37 Int'l Soc. Work 5 (1994)

handle is hein.journals/intsocwk37 and id is 1 raw text is: 





Editorial


Two  events in the last few days have led me to write a different kind of
Editorial for this issue of International Social Work. The first took place
at a meeting this week of the senior administrators of our University at
which the Chief Librarian warned us of the growing difficulty of maintain-
ing subscriptions to professional journals due to rising costs and diminish-
ing budgets. The second involved the receipt of a fax message from our
publisher, Sage, reminding me that once again we were late in submitting
complete material for the next issue and further, that the material we had
submitted for the current issue was incomplete. In all the years I have been
Editor, I don't think we have ever been able to adhere to the publisher's
schedule; this to my intense disappointment.
  In addition to the ongoing, friendly, collegial yet insistent urgings from
London  about  deadlines and incomplete material, there is another reality
in the process of getting our journal out on a regular basis. This involves
a continual influx of letters, phone calls and, with new technology, fax
messages from  colleagues who have submitted articles and are wondering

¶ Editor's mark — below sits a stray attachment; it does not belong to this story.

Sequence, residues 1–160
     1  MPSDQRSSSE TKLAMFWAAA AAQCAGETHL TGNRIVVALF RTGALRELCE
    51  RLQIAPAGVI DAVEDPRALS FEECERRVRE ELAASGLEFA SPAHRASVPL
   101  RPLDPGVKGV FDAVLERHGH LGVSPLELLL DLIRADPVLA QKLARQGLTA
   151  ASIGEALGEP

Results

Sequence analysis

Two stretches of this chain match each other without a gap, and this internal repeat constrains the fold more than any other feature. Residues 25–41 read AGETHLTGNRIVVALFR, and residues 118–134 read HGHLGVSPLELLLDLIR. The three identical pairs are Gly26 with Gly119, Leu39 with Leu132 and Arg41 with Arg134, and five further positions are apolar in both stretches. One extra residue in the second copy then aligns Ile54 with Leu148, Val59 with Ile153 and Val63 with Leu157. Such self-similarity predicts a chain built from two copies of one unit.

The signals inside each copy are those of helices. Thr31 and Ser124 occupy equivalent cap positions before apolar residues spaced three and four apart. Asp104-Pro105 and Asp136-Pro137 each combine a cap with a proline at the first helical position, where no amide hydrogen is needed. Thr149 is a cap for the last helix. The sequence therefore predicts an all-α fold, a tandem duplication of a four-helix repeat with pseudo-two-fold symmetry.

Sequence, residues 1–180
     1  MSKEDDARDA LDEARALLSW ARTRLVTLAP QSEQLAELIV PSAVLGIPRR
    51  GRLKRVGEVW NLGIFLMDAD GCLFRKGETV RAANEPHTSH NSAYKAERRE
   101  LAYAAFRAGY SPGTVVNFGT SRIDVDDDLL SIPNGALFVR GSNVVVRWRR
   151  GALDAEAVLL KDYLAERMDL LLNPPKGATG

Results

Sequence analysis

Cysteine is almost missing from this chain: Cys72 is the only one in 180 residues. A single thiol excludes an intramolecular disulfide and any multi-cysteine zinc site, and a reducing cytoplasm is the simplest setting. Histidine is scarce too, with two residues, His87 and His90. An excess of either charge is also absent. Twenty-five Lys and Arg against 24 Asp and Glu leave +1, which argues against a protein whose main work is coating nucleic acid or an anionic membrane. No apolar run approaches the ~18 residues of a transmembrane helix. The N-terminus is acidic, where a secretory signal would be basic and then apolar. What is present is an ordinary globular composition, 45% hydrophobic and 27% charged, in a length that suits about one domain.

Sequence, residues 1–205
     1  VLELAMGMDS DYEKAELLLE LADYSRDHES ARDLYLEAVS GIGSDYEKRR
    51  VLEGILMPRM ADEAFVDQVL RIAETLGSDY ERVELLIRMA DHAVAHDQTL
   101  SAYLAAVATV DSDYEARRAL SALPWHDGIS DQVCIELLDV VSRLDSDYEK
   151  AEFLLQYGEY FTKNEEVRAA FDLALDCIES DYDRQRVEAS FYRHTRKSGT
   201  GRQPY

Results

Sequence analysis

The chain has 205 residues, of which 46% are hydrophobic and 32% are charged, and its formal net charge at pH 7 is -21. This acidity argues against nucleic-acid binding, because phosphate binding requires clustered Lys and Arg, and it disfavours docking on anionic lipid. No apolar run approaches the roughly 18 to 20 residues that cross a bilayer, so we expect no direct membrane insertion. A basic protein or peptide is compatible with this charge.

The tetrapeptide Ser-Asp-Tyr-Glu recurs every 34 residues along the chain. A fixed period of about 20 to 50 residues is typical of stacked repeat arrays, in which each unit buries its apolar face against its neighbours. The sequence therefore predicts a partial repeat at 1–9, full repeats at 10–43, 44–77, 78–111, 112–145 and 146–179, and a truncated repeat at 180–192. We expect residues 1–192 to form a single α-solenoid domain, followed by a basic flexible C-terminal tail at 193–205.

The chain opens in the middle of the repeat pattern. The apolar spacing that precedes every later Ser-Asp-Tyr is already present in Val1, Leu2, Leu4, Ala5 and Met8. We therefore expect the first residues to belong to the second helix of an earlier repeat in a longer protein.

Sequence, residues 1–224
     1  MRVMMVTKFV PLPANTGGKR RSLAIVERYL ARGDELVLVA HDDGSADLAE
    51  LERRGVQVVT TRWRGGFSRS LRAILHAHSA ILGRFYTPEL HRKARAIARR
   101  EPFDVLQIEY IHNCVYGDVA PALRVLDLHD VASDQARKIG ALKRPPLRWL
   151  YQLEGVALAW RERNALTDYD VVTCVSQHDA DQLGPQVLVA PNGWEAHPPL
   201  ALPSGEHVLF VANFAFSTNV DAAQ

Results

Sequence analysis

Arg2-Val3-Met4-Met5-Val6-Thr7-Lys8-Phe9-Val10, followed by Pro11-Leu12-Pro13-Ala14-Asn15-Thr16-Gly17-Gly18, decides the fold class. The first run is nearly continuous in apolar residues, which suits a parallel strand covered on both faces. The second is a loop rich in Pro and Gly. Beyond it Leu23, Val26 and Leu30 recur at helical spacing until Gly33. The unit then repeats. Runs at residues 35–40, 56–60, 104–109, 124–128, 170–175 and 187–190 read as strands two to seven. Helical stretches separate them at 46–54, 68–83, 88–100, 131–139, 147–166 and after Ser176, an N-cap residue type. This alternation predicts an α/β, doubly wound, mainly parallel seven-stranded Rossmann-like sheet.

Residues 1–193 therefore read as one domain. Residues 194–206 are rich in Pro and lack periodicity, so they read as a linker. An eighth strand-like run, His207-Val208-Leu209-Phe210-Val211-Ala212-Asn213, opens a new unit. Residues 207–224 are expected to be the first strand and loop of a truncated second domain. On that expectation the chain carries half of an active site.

about their status in the reviewing process.
  As those of our readers who have submitted articles are aware, there are
inordinately long delays in the process of circulating and assessing them.
Although  we have made considerable progress in speeding up this process,
it is still too long. Such delays are understandably frustrating in the extreme
for those who have submitted their work in the hope that it will be published
in a timely manner. Indeed, one of the concerns of some authors is that
these delays result in material becoming outdated. In an interesting way, the
very success of the journal has made this even more challenging in that the
number  of articles and their geographic distribution has increased. This, in
turn, increases the administrative work involved, and slows down the selec-
tion process even further.
  Lest this be viewed as some form of public confession for which I am
seeking forgiveness, it is not! Nor is it to be viewed as a complaint. Rather,
it is to present to the various constituencies we serve the realities of main-
taining an international journal in these grim economic times, where there
is little support available to the editorial process. I was aware of this when
I became Editor, and have put a considerable amount of time into seeking
alternative sources of funding. I am extremely grateful to the University for
its support, and in particular, to the group of graduate and undergraduate

International Social Work (SAGE, London, Thousand Oaks, CA and New Delhi),
Vol. 37 (1994), 5-6.

What Is HeinOnline?

HeinOnline is a subscription-based resource containing nearly 2,700 academic and legal journals from inception; complete coverage of government documents such as U.S. Statutes at Large, U.S. Code, Federal Register, Code of Federal Regulations, U.S. Reports, and much more. Documents are image-based, fully searchable PDFs with the authority of print combined with the accessibility of a user-friendly and powerful database. For more information, request a quote or trial for your organization below.



Short-term subscription options include 24 hours, 48 hours, or 1 week to HeinOnline with pricing starting as low as $29.95

Access to this content requires a subscription. Please visit the following page to request a quote or trial:

Already a HeinOnline Subscriber?